In April 2016, the government announced Vision 2030, a grand plan to diversify the country’s economy away from oil and closer to other forms of economic development, including the service sector. According to Mr. al-Aiban, Vision 2030 will also include a commitment to human rights, including empowering women. In September 2016, thousands of Saudis demonstrated their desire to grant women more rights and signed an online petition calling on the government to abolish the country’s restrictive male guardianship system. However, Deputy Crown Prince Mohammed bin Salman, who is largely responsible for overseeing the implementation of Vision 2030, had previously stated that “it just takes time” before women can be well integrated into the country’s workforce. In response to calls for allowing women to drive he stated that he “is not convinced about women driving”. Despite the country’s ostensible steps towards economic and social development, including empowering women, Saudi Arabia remains unwilling to grant women more rights. Similarly, despite public claims of their willingness to reform, the Kingdom has failed to take significant steps to do so.
Suppressing Criticism with Counter-Terror Measures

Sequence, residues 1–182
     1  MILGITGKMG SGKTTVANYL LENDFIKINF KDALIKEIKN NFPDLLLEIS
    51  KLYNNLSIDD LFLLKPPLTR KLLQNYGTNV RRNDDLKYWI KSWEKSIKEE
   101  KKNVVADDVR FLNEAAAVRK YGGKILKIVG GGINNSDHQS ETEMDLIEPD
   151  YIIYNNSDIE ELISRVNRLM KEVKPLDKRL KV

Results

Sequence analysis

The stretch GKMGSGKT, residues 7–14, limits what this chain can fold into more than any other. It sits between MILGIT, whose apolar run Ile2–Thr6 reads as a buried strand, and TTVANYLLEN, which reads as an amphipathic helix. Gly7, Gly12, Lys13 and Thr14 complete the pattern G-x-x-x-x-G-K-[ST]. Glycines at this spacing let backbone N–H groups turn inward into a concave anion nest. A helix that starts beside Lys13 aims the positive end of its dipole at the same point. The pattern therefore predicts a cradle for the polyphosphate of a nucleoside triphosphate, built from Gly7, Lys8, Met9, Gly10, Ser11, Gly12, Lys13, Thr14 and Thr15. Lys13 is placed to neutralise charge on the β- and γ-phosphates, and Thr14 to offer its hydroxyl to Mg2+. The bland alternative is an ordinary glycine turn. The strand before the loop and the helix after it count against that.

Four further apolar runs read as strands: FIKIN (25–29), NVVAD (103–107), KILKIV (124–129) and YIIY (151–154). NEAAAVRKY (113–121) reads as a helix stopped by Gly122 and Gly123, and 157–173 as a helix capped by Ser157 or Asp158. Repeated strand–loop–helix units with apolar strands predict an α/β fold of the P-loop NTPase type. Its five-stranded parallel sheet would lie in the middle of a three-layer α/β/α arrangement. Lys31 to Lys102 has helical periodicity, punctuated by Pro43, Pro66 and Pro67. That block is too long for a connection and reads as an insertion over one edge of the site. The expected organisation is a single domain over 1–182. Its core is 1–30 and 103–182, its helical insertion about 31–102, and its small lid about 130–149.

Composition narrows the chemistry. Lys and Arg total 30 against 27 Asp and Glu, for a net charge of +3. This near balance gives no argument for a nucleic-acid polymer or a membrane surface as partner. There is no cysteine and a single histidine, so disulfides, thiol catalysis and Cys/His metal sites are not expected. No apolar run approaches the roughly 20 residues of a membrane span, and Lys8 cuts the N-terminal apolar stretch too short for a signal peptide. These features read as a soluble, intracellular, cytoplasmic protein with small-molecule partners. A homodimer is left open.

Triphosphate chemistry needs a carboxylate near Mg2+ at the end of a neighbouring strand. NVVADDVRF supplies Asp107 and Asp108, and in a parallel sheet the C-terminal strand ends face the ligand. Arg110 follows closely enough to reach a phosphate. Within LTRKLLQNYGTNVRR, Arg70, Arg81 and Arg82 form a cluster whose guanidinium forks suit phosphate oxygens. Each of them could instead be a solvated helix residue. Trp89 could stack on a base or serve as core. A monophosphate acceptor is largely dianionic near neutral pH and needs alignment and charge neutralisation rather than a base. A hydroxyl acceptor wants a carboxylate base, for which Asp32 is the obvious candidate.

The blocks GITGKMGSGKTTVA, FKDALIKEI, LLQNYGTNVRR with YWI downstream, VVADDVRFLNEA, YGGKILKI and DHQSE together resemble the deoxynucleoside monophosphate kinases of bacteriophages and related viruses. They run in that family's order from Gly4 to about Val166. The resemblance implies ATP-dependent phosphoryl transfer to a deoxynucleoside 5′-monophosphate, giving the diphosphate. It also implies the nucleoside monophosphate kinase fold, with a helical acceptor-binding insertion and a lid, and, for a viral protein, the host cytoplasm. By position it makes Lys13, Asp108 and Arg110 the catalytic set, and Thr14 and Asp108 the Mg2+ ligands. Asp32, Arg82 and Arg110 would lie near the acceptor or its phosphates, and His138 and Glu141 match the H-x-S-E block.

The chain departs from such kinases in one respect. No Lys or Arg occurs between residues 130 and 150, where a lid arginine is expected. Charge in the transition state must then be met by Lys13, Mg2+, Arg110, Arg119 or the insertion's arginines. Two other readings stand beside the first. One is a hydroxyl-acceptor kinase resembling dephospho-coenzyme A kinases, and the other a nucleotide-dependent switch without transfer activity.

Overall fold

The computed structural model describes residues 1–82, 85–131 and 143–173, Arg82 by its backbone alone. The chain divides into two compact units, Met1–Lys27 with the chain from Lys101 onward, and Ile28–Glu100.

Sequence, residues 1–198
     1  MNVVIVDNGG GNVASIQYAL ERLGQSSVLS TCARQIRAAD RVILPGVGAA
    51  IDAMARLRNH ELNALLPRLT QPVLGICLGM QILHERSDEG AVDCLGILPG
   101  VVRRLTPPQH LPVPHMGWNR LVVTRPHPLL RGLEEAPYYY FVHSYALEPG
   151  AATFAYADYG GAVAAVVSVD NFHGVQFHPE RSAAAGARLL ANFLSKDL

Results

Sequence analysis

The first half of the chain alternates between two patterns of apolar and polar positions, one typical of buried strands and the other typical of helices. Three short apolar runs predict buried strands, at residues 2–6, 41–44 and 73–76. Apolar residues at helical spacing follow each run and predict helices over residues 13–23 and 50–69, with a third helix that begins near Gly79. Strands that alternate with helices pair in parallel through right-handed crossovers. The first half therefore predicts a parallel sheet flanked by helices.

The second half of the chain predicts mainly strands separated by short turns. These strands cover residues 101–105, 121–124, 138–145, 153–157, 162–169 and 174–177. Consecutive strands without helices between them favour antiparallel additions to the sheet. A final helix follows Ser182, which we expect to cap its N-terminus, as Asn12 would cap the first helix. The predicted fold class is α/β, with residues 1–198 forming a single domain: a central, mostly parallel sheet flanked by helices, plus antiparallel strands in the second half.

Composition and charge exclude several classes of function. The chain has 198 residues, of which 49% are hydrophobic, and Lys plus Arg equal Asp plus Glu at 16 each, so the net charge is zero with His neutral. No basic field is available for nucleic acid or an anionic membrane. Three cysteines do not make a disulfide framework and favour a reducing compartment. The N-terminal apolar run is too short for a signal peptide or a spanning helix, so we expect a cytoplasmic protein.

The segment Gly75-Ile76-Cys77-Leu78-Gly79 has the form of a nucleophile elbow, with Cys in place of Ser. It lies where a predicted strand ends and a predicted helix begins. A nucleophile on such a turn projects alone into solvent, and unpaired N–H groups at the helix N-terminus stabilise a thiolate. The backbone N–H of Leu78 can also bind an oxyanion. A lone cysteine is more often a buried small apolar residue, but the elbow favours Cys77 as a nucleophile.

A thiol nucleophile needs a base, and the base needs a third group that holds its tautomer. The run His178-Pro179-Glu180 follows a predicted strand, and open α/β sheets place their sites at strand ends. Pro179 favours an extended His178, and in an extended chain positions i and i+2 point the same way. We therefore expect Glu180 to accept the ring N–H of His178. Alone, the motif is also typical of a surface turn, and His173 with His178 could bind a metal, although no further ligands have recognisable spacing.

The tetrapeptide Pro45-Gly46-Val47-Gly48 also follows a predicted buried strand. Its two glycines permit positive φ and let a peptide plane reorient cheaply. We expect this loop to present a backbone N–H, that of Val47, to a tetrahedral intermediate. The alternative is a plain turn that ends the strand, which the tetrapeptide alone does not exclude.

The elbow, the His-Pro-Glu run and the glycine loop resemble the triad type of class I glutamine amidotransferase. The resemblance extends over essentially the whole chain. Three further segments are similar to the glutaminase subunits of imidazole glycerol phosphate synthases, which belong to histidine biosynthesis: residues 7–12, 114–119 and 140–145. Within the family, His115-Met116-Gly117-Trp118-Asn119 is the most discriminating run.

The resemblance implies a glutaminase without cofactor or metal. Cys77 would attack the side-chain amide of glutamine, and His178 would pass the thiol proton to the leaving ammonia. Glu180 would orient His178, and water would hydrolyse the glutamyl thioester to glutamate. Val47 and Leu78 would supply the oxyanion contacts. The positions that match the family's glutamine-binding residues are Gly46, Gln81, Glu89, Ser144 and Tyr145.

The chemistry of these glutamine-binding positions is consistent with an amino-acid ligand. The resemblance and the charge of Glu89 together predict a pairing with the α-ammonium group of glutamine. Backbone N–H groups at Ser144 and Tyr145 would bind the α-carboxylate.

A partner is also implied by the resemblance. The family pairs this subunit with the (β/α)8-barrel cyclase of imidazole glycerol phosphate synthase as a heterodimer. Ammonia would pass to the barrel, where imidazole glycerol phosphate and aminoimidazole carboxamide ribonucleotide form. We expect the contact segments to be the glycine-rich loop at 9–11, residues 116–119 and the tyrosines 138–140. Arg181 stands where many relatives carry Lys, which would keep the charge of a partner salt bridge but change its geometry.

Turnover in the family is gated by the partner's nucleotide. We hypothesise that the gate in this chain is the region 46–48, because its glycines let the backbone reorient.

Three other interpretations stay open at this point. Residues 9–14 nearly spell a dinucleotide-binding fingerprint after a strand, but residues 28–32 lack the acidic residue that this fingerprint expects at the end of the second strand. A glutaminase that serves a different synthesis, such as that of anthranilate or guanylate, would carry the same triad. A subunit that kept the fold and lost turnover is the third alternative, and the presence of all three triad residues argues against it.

During his speech, Mr. al-Aiban discussed the challenges of terrorism, calling it a major threat to human rights, and outlining the strides that Saudi Arabia is making in fighting the “epidemic of terrorism.” Saudi Arabia has consistently used counter-terror measures to target and prosecute Human Rights Defenders and peaceful dissidents. Beginning in 2013, Saudi authorities targeted the members of the human rights and political reform civil society organization, the Saudi Association for Civil and Political Rights (ACPRA). While the public prosecution tried two of the organization’s most prominent members –Mohammed al-Qahtani and Abdullah al-Hamid – in the country’s standard court system; many of the remaining ACPRA members were tried in the Specialized Criminal Court (SCC), reserved for terror cases. The Specialized Criminal Court (SCC) is run by the Ministry of Interior, and operates parallel to the standard court system. The SCC is established according to the 2014 anti-terror law, which adopts a broadly vague definition of terrorism. This has enabled ‘crimes’ relating to freedom of expression and association to fall under the purview of the Court.